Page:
Fire, Water, Air, Earth
Fire, Water, Air, Earth. Four basic elements, which uphold humankind. Literally and figuratively.
“When we learned to cook, we became fully human”.
When it comes to social media, which at this point we learned we can’t live without, the typical experience may be best expressed with one word – bombardment. During the day (more often than not, even during the night, so we might as well speak about 24 hours) we are bombarded with [probably] thousands of snippets, bit and pieces of “important” (can you imagine: mere 12 years ago, there was no social media as we know it – horror!) information – read this, watch that, listen to this. It is amazing that our brain can extract any interesting information while been under such a constant attack.
Talking about interesting – few weeks ago, I came across (don’t ask me where and how, the brain will not give up its secrets) a little article (I think) which also pointed to the video. The video happened to be a trailer for Cooked, the original Netflix documentary:
Two minutes of the trailer was enough for me to say I. Must. Watch it. Note that in general, I’m not a big fan of documentaries. But this trailer promised the movie done so well that I literally wanted to drop everything I was doing and start watching it.
I managed to contain myself until the evening. I also avoided binge watching (despite strong desire), and extended the pleasure over a few evenings.
Cooked is a documentary consisting of 4 episodes, called Fire, Water, Air and Earth, where award-winning author, Michael Pollan, looks at the history of cooking, what it means to humankind, and where it is today. Each episode is dedicated to one of the basic cooking elements – what we cook with fire, which was historically the very first cooking method; how water changes the way we cook; where do you see air come to play (spoiler alert: this episode is mostly about the bread), and then the earth, which is all about fermentation – did you know that about 30% of the food we eat every day is fermented? By the way, a mini quiz for you – do you know how chocolate is related to fermentation?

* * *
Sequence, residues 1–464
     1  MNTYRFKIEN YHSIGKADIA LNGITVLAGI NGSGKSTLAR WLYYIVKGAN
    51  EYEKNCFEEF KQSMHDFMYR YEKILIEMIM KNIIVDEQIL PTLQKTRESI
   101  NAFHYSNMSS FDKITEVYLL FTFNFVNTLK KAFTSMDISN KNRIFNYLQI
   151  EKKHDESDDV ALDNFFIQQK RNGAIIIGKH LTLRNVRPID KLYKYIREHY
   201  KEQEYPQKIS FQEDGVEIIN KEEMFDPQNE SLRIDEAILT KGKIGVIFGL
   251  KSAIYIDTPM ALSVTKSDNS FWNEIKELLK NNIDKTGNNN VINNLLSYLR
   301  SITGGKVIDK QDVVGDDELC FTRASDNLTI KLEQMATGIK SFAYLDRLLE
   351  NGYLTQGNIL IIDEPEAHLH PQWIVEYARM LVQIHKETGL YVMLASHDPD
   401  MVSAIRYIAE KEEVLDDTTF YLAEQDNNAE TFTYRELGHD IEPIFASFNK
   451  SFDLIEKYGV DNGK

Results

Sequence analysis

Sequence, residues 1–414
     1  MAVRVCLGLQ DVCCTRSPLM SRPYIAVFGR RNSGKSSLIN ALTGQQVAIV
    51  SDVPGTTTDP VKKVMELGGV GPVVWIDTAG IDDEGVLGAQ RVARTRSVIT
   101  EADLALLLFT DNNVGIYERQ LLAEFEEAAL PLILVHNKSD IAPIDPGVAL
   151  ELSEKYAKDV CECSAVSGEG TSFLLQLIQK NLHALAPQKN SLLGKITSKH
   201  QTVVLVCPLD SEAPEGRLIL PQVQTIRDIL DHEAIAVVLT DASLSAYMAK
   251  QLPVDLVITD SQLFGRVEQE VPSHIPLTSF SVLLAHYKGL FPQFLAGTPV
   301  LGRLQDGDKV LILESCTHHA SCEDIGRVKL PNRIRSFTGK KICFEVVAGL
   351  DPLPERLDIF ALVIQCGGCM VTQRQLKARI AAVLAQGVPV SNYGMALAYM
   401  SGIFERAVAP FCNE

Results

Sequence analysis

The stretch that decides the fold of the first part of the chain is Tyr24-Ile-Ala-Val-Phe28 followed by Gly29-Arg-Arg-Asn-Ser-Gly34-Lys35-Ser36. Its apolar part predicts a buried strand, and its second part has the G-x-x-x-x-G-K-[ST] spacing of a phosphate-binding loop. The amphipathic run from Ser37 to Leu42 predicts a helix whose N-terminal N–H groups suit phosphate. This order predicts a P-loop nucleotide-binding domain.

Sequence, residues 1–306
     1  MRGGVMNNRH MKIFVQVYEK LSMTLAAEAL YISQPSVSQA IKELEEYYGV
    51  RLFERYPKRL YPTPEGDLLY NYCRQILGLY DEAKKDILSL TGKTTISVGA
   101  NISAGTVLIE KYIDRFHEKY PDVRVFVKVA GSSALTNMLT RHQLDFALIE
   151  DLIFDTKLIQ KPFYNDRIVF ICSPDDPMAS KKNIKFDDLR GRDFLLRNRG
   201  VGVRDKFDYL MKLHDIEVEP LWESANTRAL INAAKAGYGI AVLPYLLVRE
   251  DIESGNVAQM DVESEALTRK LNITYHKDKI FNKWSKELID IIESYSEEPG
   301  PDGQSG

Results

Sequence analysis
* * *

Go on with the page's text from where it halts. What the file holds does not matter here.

This series is all about honest, get back to your roots cooking. It is also about respect. Respect to the people, respect to the food we eat and its basic ingredients, whether it is meat, grains, cheese or anything else (gluten included – watch Nathan Myhrvold talk about science of gluten). Photography is incredible, with stunning images, and the whole series is just something you want to watch. And then watch again, as it really appeals to your very basic senses.
I don’t want to tell you anything else about the movie, except to [strongly] suggest that you should to go and watch it. Find a comfy spot, pour yourself a glass of wine, and indulge in something which is masterfully done, beautiful and thought provoking. And then may be dig up some of your mom’s recipes – and get cooking.